“…It has seemed to me fit and proper that they should be solemnly, reverently and gratefully acknowledged as with one heart and one voice by the whole American People. I do therefore invite my fellow citizens in every part of the United States, and also those who are at sea and those who are sojourning in foreign lands, to set apart and observe the last Thursday of November next, as a day of Thanksgiving and Praise to our beneficent Father who dwelleth in the Heavens. And I recommend to them that while offering up the ascriptions justly due to Him for such singular deliverances and blessings, they do also, with humble penitence for our national perverseness and disobedience, commend to His tender care all those who have become widows, orphans, mourners or sufferers in the lamentable civil strife in which we are unavoidably engaged, and fervently implore the interposition of the Almighty Hand to heal the wounds of the nation and to restore it as soon as may be consistent with the Divine purposes to the full enjoyment of peace, harmony, tranquillity and Union…”
Thanksgiving Proclamation By President Abraham Lincoln, October 3, 1863 Anthony B. Pinn, Lectionary Team Cultural Resource Commentator, shared some timeless thoughts and appreciations about Thanksgiving from 2009 that are worthy of appreciation and true for any year. Pinn’s Thoughts & Considerations For Christians, Thanksgiving is not shorthand for the story of a shared meal between Europeans and Native
Americas, reenacted November of each year, according to Pinn. Rather, there is a depth to the term and its meaning that cuts across the centuries and speaks to humanity’s basic connection to God and this changing world. Thanksgiving provides the basic posture of humans toward the Divine. That is to say, thanksgiving involves celebration of the ultimate logic of life made possible through the workings of a God concerned with justice. It is not shortsighted; it is not concerned only with the present moment but, instead, thanksgiving allows recognition of the ultimate value of what is to come. It is a tenacious hold on the possibility of goodness and justice in spite of current circumstances…
…The African American Christian tradition in general terms entails this thanksgiving even in the face of socio-economic, political and cultural oppression. Through its rituals, teachings, and the best of its practices, African American Christianity offers a way to recognize, speak about, and live out our relationship to God in ways that promote a good life… Thanksgiving Is Really about Family Pinn also shared strong feelings and thoughts on the real meaning of Thanksgiving: FAMILY. The stories of African American families gathered on Thanksgiving Day around dining room tables, kitchen tables, on floors, grass and even dirt are legendary. Who among us can’t roll off the list of what was on the table on Thanksgiving? Did your table contain turkey or was it ham or both with chicken thrown in for good measure? Were there candied yams, macaroni and cheese, sweet potato pie, German chocolate cake, potato salad, dressing with cranberry sauce and even more vegetables? Yes, we can all go on about the food. However, much more important than the food, Thanksgiving was the time when everyone tried to come together. Some would drive home and others would fly home. It was about family being together. And unlike Easter, no new clothes were required. Unlike Christmas, you did not have to bring a gift. If dinner was potluck, you had to make a contribution, and that was what made the time great, too. So many gave of themselves and shared their culinary talents. Thanksgiving was also one of those rare times that people actually sat down and talked. You heard stories, some over and over each year and some brand new, that gave you information about your family that you appreciated having later in life. Children heard the stories and participated in the day’s festivities, too. If a child could play an instrument, they were asked to do so right on the spot. If they could recite the Bible or a famous oration, this was the time to have them do it. Recipes were handed down and so much was learned about cooking on Thanksgiving. But Thanksgiving was not only about one’s personal family, it was about all the families that were part of the human family.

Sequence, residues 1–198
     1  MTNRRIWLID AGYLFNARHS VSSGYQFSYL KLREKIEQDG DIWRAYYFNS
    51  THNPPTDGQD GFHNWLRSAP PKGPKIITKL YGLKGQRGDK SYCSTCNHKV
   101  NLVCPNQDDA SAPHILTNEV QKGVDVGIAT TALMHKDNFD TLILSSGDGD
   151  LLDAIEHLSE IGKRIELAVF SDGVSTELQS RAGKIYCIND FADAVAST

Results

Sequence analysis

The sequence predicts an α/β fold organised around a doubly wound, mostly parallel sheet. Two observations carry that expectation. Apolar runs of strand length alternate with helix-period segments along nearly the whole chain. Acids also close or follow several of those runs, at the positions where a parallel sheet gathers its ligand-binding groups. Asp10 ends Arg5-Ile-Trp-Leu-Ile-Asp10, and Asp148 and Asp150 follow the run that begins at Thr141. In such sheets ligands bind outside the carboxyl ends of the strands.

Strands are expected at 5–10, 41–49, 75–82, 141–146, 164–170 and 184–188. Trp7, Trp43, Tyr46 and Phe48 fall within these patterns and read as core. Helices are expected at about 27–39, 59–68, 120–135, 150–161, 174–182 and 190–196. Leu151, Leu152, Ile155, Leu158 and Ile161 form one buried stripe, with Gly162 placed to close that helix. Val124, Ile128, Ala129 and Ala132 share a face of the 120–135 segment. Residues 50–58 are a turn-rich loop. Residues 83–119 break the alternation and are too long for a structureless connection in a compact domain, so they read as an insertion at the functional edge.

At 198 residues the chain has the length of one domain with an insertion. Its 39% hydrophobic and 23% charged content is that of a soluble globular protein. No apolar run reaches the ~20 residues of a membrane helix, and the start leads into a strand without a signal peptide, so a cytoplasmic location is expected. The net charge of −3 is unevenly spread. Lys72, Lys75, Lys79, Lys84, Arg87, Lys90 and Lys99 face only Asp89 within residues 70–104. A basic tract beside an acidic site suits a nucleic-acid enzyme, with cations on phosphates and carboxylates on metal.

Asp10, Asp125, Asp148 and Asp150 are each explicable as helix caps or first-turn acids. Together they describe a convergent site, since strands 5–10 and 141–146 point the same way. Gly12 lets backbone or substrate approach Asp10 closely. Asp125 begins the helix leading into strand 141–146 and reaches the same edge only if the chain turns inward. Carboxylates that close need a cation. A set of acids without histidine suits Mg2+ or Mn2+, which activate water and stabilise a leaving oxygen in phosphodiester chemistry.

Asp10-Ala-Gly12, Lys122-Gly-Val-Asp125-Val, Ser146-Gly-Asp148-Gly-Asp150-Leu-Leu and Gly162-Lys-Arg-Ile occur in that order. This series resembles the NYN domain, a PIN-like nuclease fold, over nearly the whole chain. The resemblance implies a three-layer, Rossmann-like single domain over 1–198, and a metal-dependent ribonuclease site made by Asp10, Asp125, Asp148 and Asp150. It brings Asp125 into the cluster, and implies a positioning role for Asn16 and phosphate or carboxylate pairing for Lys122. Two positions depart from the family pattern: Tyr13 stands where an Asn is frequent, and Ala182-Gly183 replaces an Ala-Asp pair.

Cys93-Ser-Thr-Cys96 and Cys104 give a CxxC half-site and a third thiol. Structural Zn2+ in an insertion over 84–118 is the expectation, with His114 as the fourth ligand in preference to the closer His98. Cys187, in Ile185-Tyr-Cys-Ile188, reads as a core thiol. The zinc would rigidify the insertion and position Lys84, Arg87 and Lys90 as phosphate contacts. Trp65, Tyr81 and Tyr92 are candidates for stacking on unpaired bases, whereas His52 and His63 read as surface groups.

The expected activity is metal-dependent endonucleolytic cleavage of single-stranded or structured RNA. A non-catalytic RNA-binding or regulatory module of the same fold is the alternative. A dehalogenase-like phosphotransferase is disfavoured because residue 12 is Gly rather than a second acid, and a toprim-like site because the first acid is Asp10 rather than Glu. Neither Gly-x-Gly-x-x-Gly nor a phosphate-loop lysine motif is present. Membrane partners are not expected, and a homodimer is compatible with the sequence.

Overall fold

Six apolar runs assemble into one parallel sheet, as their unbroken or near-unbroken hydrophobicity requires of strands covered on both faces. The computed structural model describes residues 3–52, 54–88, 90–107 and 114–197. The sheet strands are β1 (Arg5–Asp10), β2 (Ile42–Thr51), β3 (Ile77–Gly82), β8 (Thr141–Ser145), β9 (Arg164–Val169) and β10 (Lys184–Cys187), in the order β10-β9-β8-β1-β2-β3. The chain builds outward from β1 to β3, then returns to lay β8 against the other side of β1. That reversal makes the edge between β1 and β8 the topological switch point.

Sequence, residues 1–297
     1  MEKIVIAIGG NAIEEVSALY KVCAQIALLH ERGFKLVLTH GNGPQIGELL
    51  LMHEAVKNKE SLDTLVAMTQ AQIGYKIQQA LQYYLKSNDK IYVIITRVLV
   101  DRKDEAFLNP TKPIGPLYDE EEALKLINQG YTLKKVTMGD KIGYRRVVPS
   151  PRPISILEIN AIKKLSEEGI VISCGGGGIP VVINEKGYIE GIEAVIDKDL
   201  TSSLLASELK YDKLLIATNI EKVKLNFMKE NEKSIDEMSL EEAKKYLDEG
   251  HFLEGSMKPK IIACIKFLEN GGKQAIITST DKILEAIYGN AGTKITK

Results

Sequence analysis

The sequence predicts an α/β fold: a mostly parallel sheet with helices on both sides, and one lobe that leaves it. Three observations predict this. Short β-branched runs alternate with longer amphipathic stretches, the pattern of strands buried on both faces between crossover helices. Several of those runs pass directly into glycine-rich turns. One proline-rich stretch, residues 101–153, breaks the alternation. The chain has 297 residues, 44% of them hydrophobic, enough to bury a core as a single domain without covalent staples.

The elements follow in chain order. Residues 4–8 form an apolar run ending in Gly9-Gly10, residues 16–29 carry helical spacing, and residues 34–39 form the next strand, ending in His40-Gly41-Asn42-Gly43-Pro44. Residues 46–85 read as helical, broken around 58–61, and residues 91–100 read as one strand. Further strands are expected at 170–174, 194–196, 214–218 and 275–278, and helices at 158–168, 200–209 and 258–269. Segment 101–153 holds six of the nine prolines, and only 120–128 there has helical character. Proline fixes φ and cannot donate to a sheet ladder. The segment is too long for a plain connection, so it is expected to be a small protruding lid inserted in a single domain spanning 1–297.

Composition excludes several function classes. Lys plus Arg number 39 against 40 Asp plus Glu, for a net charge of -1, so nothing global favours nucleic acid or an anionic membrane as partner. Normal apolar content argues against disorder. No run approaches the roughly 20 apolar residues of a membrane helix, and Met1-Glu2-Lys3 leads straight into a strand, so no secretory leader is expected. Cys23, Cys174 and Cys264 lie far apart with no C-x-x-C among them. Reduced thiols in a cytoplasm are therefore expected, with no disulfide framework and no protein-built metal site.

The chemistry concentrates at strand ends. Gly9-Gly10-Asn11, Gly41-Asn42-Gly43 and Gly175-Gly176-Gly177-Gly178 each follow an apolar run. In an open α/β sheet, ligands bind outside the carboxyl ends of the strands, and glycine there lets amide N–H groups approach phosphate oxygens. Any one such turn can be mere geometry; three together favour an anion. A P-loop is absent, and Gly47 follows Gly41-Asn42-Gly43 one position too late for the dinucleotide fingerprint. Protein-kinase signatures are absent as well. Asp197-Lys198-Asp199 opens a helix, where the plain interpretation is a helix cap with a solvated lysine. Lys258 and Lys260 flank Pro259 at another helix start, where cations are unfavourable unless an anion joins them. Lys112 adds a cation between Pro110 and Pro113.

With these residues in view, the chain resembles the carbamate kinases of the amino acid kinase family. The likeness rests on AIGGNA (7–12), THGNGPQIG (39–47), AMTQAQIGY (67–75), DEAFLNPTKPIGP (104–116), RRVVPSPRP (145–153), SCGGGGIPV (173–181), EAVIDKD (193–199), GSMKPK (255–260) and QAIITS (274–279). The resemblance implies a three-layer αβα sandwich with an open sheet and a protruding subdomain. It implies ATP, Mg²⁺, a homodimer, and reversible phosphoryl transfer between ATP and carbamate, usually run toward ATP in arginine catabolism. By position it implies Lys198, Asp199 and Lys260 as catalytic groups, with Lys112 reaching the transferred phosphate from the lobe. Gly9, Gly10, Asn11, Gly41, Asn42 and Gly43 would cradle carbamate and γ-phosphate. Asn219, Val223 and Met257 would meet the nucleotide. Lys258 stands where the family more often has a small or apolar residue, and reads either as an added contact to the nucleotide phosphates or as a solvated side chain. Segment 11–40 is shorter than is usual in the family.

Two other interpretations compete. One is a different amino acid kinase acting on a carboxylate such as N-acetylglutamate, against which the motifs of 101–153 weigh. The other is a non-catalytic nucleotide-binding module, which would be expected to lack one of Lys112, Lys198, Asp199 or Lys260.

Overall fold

This is why African American churches, small and large, prepared bags and boxes for families that did not have enough to eat; everyone was supposed to dine well on Thanksgiving. Pinn added that Even today, this tradition still continues and, now, some churches have elaborate lists that are handed out to church members long before Thanksgiving Day, to make sure that families within and not within the church receive bountifully on Thanksgiving. As the country endures one of its most difficult economic periods, one only hopes that this spirit of embrace of all families spreads throughout the year. Each year is a year to count our blessings for life and all that we enjoy each and everyday. May we not take any day for granted and as we live and have opportunities to serve, may we never refuse or turn our backs on the chance to be of service to our fellow man and women in this world. The Reverend Martha Simmons, President and Publisher of The African American Pulpit Journal, commissioned world-renowned scholars to assist in the creation of The African American Lectionary. The Lectionary was launched in December 2007. The African American Lectionary is a resource tool that not only highlights the African American ecclesial traditions and moments that creatively express the joy, freedom, and the challenges of being both African American and Christian (e.g., Watch Night, African Heritage Sunday, Usher’s Day, and Women’s Day), but also recognizes days on the liturgical calendar that are celebrated across a variety of ecclesial traditions (e.g., Advent, Christmas, Lent, Easter, and Pentecost).